Those in the mainstream Arab community who regard the forum and the enlistment effort as part of a plot by the government to drive a wedge between Christian and Muslim Arabs are hostile toward the aspiration of some Christians in Israel to identify as Arameans rather than Arabs. Some have used violence and threats in expressing their opposition. In addition Arab Knesset members and public figures have spoken out sharply against the initiative to enlist Christian Arabs in the IDF, and a few are suspected of being behind threats and incitement.

At a May 21 Knesset Interior Committee meeting to discuss the incitement and violence surrounding the issue, Knesset member Basel Ghattas of the Balad Party strongly and intensely condemned the spiritual leader of the enlistment movement (Nadaf), calling him a “traitor,” “scum” and a “Shin Bet operative.” Ghattas prevented the priest from speaking until he was expelled from the meeting.

On May 10, “wanted” posters began making the rounds on social networks, offering a steep reward for the heads of Nadaf, the Orthodox priest of the village of Yafia and Nazareth and Shadi Halul, the forum spokesman and a captain (res.) in the paratrooper corps. Beyond verbal threats, there have also been physical attacks. In December 2013, a young man active in the Israeli Arab Hadash Party attacked Nadaf’s minor son with a stick, bruising his hands and arms. The previous year, while Father Andreas Alamia met with Sar-Shalom Jerbi, director of the Israeli Civilian National Service, his tires were slashed, and a bloody rag was hung on the door of his home.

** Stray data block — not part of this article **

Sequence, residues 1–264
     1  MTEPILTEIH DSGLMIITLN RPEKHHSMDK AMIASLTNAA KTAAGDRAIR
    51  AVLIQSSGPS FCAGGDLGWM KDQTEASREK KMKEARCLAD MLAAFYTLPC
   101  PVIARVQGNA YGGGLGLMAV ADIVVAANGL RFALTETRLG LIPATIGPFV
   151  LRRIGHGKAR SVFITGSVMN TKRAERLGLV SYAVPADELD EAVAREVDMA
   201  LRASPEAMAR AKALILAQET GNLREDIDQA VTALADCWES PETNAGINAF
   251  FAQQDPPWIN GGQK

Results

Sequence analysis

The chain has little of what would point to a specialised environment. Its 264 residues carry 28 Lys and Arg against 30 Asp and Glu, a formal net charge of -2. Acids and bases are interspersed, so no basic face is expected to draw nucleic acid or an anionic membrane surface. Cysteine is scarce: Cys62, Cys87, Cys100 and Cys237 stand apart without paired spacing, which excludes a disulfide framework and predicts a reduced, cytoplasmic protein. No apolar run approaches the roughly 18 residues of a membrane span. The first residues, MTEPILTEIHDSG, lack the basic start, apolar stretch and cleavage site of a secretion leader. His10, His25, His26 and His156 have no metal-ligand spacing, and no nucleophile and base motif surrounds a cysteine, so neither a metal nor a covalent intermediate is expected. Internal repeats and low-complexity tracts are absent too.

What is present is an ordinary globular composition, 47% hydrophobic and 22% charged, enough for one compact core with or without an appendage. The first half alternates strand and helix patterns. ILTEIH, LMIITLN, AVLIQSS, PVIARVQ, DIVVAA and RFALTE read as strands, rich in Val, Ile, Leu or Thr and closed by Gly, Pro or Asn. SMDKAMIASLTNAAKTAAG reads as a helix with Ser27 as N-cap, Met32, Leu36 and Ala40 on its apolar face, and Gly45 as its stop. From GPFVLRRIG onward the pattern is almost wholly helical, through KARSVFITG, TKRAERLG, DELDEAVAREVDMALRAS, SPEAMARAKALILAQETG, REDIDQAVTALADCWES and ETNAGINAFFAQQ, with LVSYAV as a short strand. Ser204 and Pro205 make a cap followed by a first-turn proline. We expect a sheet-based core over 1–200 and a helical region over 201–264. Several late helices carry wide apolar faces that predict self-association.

Such actions by the majority appear to be a demand that the minority within it remain silent, because its opinions challenge the majority’s desire. Insistence that Christian Arabs show loyalty to a Palestinian Arab ethos, lest they be considered traitors, resembles demands by some Jews to Noam Chomsky, George Soros, J Street and others not to criticize Israel out of loyalty to the Jewish people. The demand of Christians to call themselves Arameans is as legitimate as the right of any other group to self-determination and freedom of expression.

At the end of his article, Mansour rightfully asserts that the real test will be the actual full integration of Christians in Israeli society, so in closing, here are some optimistic figures. According to data provided by the Central Bureau of Statistics, the percentage of people eligible for a high school diploma among Christian Arabs (64%) is among the highest in Israel. The percentage of Arabic-speaking Christians who meet the requirements to pursue further academic study is higher than that among all segments of society combined. The percentage of female Christian Arab students in academia is much higher than the percentages of other segments. The number of medical students among the Arabic-speaking Christian population is three times their percentage among the general population.

Yes, there is certainly room for improvement, but things are definitely going in the right direction.